When it comes to judicial nominees, there's a common practice that's been in place for many years -- the White House takes the lead in choosing appeals court nominees, while U.S. senators play a leading role in choosing district court nominees from their own states.
So in Florida, for example, President Obama would nominate jurists for the 11th Circuit Court of Appeals, which covers the Sunshine State, but Sens. Marco Rubio (R) and Bill Nelson (D) would be chiefly responsible for sending the White House qualified professionals to serve on federal district courts in the state.
Judge William Thomas, who currently serves on the Miami-Dade Circuit, fits the bill nicely. Thomas, who grew up in poverty in a large Pennsylvania family, worked hard and succeeded throughout his legal career. Rubio and Nelson reviewed Thomas' record, subjected him to a background check, and encouraged the White House to nominate him for the federal bench.
Ten months ago, Obama's team agreed and Thomas was poised to become the first black openly gay man to serve as a federal judge. That is, until a few days ago, when Rubio announced his opposition to the judicial nominee he recommended.
Supporters of Judge Thomas, who grew up on welfare in Pennsylvania in a family of 10 children, said Mr. Rubio's opposition was rooted in politics, not court rulings. Mr. Rubio, a Republican, has seen his allure among conservatives tumble, a result of his aggressive push for immigration reform. In recent weeks, he has scarcely mentioned immigration, keeping his focus mostly on issues with broad conservative appeal like abortion and health care. [...]"As much as I would like to think that politics has nothing to do with this, it looks as if it does," said Yolanda Strader, president of Miami's largest association for black lawyers, who called Judge Thomas one of the hardest working on the bench. "It would be unfair to prevent a well-qualified judicial nominee from proceeding with the nomination process because he is an openly gay black male."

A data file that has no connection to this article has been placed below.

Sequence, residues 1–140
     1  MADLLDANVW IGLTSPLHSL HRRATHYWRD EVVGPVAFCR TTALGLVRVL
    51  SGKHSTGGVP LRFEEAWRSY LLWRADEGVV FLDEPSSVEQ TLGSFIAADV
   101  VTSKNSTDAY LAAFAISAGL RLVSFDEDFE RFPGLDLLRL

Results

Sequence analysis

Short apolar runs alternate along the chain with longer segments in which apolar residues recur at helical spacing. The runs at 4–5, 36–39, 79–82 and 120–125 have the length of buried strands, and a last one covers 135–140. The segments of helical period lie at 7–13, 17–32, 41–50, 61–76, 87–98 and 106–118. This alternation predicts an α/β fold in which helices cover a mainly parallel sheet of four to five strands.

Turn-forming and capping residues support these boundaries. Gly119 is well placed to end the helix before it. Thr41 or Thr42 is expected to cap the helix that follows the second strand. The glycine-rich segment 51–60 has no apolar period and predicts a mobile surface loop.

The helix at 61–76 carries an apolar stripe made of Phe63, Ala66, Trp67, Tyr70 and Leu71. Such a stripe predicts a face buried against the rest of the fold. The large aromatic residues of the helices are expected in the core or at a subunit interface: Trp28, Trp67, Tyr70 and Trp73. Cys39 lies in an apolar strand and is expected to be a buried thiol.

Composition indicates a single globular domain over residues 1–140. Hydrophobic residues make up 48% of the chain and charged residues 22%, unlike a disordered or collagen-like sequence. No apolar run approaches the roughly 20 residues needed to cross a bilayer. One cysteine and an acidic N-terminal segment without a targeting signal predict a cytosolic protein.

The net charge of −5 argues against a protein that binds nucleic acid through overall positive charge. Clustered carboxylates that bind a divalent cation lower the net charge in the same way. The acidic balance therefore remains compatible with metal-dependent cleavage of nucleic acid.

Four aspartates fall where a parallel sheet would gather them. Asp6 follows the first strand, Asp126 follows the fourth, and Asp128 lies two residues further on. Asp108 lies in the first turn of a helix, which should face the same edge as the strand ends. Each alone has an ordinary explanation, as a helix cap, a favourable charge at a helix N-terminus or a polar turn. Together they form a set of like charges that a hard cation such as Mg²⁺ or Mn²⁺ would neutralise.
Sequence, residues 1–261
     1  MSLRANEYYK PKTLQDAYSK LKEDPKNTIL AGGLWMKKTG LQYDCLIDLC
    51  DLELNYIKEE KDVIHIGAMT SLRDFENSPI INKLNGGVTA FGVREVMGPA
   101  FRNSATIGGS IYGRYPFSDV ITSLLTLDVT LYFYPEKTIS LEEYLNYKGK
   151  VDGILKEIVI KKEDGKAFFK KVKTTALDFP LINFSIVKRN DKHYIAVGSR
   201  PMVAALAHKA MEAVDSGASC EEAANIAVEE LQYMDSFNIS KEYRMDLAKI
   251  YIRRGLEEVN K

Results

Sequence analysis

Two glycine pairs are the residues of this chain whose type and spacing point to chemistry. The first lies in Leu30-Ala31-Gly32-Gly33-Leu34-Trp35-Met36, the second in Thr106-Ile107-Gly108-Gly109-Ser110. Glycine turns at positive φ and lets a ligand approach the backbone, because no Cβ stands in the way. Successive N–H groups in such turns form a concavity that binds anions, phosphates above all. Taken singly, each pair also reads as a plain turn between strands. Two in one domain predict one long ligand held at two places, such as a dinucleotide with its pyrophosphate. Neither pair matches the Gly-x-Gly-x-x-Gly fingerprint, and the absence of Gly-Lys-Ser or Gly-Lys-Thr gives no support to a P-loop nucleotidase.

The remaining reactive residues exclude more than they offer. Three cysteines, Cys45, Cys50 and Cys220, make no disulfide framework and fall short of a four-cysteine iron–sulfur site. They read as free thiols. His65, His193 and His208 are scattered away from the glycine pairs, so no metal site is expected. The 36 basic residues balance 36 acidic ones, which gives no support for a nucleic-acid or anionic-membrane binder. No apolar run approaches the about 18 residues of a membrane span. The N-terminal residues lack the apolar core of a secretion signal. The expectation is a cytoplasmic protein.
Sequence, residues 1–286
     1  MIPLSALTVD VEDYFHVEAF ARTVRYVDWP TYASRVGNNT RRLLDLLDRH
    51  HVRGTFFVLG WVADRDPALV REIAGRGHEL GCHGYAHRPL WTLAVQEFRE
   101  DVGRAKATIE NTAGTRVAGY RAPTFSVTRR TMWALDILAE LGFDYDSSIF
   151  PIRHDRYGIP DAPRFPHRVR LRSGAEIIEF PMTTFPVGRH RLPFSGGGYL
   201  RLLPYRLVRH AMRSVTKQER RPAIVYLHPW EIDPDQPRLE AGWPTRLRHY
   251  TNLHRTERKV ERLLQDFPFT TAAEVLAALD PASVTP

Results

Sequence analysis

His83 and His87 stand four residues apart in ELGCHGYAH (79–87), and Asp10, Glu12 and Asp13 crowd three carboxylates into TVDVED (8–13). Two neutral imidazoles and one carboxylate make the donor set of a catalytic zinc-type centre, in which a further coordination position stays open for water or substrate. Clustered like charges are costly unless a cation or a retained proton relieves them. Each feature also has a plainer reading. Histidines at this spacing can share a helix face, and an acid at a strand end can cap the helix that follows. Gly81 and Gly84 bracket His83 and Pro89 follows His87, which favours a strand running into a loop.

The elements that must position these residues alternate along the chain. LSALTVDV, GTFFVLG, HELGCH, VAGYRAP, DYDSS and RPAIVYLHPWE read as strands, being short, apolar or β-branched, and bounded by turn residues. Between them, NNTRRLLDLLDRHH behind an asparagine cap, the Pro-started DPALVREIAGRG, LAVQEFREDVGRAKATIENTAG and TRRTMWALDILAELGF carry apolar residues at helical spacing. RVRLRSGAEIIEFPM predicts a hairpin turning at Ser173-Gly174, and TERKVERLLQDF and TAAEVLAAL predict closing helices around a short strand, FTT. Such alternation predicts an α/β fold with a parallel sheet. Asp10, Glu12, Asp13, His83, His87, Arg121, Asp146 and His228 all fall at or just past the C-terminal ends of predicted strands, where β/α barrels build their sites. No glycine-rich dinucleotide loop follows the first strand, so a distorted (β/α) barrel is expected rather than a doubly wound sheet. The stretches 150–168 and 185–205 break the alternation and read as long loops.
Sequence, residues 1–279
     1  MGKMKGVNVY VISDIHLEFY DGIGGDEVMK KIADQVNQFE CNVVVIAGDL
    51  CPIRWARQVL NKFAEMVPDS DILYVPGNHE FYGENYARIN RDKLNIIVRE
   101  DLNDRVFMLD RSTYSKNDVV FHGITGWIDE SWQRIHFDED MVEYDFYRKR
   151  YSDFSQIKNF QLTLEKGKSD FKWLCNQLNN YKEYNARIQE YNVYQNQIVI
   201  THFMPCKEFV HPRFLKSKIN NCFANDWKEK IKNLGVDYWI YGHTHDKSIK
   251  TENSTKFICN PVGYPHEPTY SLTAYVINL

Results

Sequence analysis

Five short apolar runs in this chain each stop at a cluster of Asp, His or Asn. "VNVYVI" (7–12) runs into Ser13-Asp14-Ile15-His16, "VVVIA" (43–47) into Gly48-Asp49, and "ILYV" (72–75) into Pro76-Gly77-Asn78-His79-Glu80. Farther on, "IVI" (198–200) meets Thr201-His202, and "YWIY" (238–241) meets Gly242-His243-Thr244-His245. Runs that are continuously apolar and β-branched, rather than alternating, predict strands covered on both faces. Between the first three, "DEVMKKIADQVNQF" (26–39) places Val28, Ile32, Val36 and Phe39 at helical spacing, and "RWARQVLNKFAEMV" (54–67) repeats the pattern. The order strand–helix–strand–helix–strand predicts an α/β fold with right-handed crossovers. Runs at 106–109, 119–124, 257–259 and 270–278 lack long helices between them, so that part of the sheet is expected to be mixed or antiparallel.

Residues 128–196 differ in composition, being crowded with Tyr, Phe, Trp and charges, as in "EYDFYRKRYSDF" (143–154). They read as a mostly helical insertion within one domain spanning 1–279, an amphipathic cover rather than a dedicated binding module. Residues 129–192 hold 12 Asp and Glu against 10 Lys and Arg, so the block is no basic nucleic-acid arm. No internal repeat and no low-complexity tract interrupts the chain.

Given the way the process works, Thomas' nomination has now effectively been defeated -- thanks to something called the "blue slip" process, a district court nominee needs the support of both in-state senators in order to advance towards confirmation. Rubio, by endorsing and then rejecting Thomas, therefore killed the nomination.
The question, of course, is why.
The far-right senator issued a statement saying he now has concerns about Thomas's "fitness" for the bench following two recent criminal cases. "Those concerns include questions about his judicial temperament and his willingness to impose appropriate criminal sentences," Rubio said.
The New York Times report walks through the details of the criminal cases in question, and it's hard to imagine anyone credibly using the cases as a fair rationale to reject Thomas' nomination.
Rather, what I suspect happened is that Rubio endorsed Thomas for the federal bench, then started imagining the attack ads his 2016 primary challengers might run against him, highlighting his role in choosing the nation's first openly gay black man to become a federal judge. Rubio probably then started working backwards to justify a change of heart, and this is the best he could come up with.
"That is a slender reed for Senator Rubio to hang this on," said Representative Alcee Hastings, Democrat of Florida, referring to the two court cases.
I realize Rubio has had a difficult summer, and has lost quite a few friends by making an attempt at governing, but this incident appears low, even for him.